Wednesday, October 10, 2007

A Promise of Hope

A Promise of Hope / Autumn Stringam
Toronto : HarperCollins Canada, 2007.

I've just finished the ARC of this book, and it is a fantastic, heart-wrenching read. It is the story of a Canadian woman who suffered from a serious form of bipolar disorder; her mother also suffered and ended up committing suicide. Autumn's life story is mesmerizing to read. Her childhood relationship with both her mother and father, her mother's suicide, and her own descent into fullblown bipolar are all harrowingly told. She doesn't spare herself or her family in delineating the agonizing effects of this disease on those around a bipolar sufferer. The first half of the book is all about her life with her family, up until she is married and has a son of her own, then shows the same intense symptoms that her mother had. The paranoia, the manic buying sprees, the violence and hallucinations and memory gaps, all added up to a story I could not stop reading, afraid to find out what resulted. The only thing I wanted more of was knowing how this had affected her other eight siblings.

The later part of the book details Autumn's father's search for a cure; after losing his beloved wife to suicide, and seeing two of his children displaying the same symptoms, in his desperation he mentions his son's behaviour to an acquaintance at church. This man, a pig-feed salesman,
replies, "That boy sounds like a pig with ear-and-tail-biting syndrome." That was all it took for the two men to start trying to develop a nutritional supplement based on pig feed formulations which would remove the symptoms Autumn and her brother displayed. Astonishingly, after much tweaking and experimenting, they find a supplement that works for Autumn. Much of the book after this talks about her father's struggles with Health Canada, who does not want to let this supplement be distributed as a health aid. (They were vindicated and now run their company out of Alberta) This part of the book, though very important and fully as frustratingly bureaucratic as you might expect, is not as compelling as the personal story Autumn had been telling up to this point.

Her story is moving and provides "a promise of hope" as the title says, to those who think that there is no way out of the horrors of a bipolar diagnosis. Although Autumn is clearly a believer, she is also evenhanded and does point out that there needs to be clinical studies of this product, and that one treatment does not work for everyone. There is also an afterword by Dr. Charles Popper, a Harvard physician and expert in this field, stating the clear medical needs for studies and further research, but he also supports the Stringams in their discoveries. All in all, if you are the least bit interested in mental illness and its effects on families, or the treatments provided for such, or have had bipolar touch your life in any way, you will find this book compelling. Not only is the story riveting, but Autumn Stringam is a talented writer as well. The narrative flows, carrying you along, without becoming maudlin or sentimental. It is a book which raises many questions about family dynamics, about mental health and assumptions made about illnesses, about established treatments and possibilities for those diagnosed. I found reading about it from a Canadian viewpoint startling at times; I am so unused to hearing of big, important events unfolding in small town Alberta. I can't say I 'enjoyed' this read, rather I'd say I was inspired by it and think it is a vital read for anybody interested in this subject matter.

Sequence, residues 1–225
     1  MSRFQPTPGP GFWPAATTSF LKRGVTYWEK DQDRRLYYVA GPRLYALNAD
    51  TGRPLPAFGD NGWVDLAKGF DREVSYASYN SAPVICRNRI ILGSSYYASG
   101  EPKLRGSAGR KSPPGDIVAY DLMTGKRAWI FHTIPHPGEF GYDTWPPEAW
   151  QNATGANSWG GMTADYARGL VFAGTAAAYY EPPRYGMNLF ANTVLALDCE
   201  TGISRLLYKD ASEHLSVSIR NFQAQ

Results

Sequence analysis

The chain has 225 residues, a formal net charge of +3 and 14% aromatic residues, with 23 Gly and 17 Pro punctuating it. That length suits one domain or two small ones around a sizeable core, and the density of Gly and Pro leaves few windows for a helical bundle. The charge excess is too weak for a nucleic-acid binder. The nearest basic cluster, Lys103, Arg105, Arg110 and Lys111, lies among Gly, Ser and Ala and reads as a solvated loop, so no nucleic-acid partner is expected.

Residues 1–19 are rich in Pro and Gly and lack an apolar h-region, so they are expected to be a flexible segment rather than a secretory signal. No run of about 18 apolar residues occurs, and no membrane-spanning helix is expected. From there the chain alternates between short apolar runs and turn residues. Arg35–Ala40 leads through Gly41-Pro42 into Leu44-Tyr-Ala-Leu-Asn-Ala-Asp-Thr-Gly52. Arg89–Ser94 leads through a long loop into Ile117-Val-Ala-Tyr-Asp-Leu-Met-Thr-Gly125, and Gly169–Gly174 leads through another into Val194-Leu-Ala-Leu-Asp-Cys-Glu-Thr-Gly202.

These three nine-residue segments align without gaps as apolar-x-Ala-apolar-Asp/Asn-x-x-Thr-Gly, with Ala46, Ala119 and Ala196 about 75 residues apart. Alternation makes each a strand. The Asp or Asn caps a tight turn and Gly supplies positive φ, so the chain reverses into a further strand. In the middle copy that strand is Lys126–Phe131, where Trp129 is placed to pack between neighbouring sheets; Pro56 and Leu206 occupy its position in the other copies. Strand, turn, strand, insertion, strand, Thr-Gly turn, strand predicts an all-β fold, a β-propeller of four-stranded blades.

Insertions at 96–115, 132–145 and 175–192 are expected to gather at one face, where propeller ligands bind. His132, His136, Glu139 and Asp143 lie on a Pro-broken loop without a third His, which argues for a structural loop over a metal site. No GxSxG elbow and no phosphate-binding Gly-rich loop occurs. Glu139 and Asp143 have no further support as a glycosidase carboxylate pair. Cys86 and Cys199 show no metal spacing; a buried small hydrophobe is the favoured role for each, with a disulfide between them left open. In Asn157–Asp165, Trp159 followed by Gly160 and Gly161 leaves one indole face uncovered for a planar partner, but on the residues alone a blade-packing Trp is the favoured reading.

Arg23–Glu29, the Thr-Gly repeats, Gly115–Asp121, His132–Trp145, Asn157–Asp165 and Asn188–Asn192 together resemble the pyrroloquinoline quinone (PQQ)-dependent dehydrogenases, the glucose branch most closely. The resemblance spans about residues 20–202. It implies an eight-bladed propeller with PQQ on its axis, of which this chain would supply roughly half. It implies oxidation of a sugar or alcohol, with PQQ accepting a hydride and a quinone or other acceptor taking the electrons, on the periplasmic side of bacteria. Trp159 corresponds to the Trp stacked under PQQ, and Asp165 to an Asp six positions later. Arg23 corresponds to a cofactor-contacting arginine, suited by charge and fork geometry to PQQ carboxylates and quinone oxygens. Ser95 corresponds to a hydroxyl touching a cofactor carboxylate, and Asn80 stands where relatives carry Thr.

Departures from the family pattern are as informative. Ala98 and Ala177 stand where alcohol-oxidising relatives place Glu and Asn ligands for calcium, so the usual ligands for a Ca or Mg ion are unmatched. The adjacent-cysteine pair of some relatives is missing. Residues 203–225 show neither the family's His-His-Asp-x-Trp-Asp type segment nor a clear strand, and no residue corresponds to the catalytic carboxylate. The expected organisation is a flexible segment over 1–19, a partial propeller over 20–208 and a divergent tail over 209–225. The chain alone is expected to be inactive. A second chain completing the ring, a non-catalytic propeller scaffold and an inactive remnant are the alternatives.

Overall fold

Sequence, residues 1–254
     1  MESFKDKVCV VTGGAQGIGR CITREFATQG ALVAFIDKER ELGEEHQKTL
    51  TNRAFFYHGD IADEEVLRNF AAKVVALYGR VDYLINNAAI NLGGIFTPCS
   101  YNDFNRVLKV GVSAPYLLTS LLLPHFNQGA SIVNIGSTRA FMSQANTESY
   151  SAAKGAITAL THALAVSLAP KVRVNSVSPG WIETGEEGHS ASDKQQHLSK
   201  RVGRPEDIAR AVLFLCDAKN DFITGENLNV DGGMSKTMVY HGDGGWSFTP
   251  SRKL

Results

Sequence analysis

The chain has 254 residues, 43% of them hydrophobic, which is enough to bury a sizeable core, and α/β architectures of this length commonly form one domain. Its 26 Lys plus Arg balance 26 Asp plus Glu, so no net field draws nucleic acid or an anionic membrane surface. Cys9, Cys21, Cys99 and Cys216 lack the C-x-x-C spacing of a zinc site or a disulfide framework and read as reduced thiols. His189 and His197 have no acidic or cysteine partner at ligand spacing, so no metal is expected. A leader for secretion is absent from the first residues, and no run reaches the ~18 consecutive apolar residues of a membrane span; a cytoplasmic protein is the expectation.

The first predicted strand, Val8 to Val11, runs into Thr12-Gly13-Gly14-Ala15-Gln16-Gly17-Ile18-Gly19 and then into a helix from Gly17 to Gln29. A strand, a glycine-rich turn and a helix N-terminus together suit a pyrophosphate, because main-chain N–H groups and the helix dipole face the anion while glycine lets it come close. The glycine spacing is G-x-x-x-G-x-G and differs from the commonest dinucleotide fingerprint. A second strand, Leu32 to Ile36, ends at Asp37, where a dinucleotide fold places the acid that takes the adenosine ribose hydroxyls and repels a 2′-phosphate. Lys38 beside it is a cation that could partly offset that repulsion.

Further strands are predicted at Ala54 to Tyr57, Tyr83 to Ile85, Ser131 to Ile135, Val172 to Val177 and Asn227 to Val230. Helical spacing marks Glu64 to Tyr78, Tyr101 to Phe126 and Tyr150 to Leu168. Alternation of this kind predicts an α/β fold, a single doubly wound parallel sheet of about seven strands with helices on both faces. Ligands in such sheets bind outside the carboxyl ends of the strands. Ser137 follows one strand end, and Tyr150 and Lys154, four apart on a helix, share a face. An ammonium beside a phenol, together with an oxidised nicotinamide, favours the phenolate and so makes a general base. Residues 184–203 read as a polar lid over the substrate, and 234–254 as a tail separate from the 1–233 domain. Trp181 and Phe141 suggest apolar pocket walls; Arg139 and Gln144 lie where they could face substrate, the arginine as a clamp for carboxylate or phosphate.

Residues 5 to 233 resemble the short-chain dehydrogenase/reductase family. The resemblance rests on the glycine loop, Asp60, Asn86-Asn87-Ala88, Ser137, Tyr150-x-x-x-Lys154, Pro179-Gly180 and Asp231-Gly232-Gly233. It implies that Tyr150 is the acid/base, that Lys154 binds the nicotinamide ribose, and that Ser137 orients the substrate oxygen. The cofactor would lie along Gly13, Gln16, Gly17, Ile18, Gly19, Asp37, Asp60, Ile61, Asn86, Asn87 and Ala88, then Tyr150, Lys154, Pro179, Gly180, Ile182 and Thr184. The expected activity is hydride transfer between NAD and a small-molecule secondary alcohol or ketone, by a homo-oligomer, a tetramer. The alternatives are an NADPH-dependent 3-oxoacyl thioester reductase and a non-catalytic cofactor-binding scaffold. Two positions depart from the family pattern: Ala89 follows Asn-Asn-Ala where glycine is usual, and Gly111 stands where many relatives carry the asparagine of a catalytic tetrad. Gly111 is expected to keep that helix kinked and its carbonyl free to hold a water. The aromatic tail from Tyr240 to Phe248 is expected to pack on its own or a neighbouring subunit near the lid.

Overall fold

10 comments:

  1. Great, compelling review.

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  2. Sounds interesting for sure. I've known a few people with bipolar disorder. It must be quite an emotional read. Btw, do you want this to count towards your 13 Canadian books in the challenge?

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  3. John - no, thanks anyway, I read it nearly a month ago and want to start FRESH with fiction for the challenge!

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  4. Thanks for this wonderful review. The book truly sounds compelling.

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  5. This sounds like a very compelling read. I would like to read more Canadian books. Thanks for the review.

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  6. Great review. It's not a subject that I really want to read, but you make the book sound so interesting.

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  7. Wow, that sounds absolutely fascinating. I haven't been touched by bipolar disease, myself, but I've known a few people who've been diagnosed bipolar (casually). The drug treatment seems to be really troublesome - causing severe weight gain in the people I've known.

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  8. Hi all - this isn't a subject I thought I would find so fascinating. It's the ability of Autumn Stringam to be so honest about her family and her own difficulties that is so appealing, and the quite astonishing fact that a nutritional supplement was of such assistance. I'm glad it sounds interesting to many of you, because I think it's an important story to share.

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  9. Fascinating. I have the milder form of bipolar, and the idea of being able to take a supplement rather than three fat pills of a psychoactive medication a day is very appealing. I hope they'll do more studies on this, but given how much the FDA is in bed with pharma companies in the US, even if it goes well I can't imagine it coming out here any time soon.

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